International Chefs Uses Garbage-Bound Food to Create Meals for Rio’s Hungry Population

Italian chef Massimo Bottura and Brazilian chef David Hertz (not pictured) use surplus food donated by the catering companies at the Olympic park and athletes' village to feed Rio's hungry population. (TASSO MARCELO/AFP/Getty Images)

Brazil is one of the world’s biggest food wasters, with an average of 40,000 tons of food being discarded daily—nearly a third of the country’s harvested output. Now two international chefs aim to curb wastage in the South American nation with a new initiative.

Named RefettoRio Gastromotiva, the project is a collaborative effort between Brazilian chef David Hertz and Italian chef Massimo Bottura that will “offer food and dignity to people in situations of social vulnerability,” according to a statement released by the City of Rio.

Rio will also provide a 1,300-square-foot building for Hertz, Bottura, and a team of international chefs who will help out in the neighborhood of Lapa.

Excess food from the catering companies hired to feed the 11,000 Olympians, the Olympic Media Center, and the remaining workforce of the Summer Games will be converted by the team into 108 daily meals for the city’s hungry population.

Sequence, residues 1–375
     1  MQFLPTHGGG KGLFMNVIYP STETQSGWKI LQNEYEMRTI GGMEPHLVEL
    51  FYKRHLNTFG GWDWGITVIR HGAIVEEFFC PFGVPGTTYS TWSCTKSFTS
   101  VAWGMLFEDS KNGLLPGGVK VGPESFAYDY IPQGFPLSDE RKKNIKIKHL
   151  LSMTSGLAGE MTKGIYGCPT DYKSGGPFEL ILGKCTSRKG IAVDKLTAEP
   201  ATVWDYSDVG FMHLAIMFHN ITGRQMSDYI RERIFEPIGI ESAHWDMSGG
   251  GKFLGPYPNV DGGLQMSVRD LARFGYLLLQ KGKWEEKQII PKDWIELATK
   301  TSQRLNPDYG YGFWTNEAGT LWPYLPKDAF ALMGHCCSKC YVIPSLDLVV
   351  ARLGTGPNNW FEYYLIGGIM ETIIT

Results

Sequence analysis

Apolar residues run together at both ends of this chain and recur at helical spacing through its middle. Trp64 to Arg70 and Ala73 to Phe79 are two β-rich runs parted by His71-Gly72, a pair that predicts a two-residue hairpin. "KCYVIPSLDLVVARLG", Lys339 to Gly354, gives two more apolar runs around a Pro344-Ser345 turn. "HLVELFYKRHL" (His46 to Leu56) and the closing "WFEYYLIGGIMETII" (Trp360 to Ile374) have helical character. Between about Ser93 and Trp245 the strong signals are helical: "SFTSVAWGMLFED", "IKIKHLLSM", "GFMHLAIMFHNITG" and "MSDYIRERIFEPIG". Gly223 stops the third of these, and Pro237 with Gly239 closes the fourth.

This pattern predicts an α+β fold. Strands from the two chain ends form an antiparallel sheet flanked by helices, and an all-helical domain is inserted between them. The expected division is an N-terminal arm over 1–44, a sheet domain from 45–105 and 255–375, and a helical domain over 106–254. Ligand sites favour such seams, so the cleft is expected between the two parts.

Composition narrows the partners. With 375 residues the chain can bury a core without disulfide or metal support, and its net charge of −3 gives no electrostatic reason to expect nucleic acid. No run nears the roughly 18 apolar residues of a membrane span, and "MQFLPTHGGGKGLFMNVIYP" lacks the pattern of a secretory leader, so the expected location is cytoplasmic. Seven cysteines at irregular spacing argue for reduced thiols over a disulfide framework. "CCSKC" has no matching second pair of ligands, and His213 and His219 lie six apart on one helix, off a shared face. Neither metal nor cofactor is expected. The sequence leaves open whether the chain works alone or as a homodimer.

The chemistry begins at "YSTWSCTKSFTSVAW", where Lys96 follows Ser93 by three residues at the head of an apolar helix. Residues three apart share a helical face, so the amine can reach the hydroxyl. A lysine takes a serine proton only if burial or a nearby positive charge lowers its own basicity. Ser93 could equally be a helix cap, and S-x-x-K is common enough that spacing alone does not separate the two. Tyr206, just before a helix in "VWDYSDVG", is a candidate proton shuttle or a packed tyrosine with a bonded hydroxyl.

“I made a promise to my mother that I would use my visibility to make the invisible visible. It’s time to give back to the world what she gave us,” said Bottura. “We have an opportunity through this project—which is cultural, not charity—to fight against waste. If we change the way of thinking, we can give birth to a new tradition.”

RefettoRio Gastromotiva hopes to continue its mission beyond the Olympics with the help of donations, and to help with that, Rio has provided them the building space for the next 10 years.

“I saw the Massimo design as the perfect opportunity to complement what we do with Gastromotiva. [It’s about] more than food, the goal is to train citizens. We had never worked with the issue of waste, and it is a legacy that we will leave. It is a project of people, and we want more people with us,” Hertz said.

This is the second food waste project Bottura has helped curate. In 2015, he established Refettorio Ambrosiano, where 60 chefs transformed 15 tons of donated food waste into meals for the homeless over a 5-month period during the Milan World Expo.

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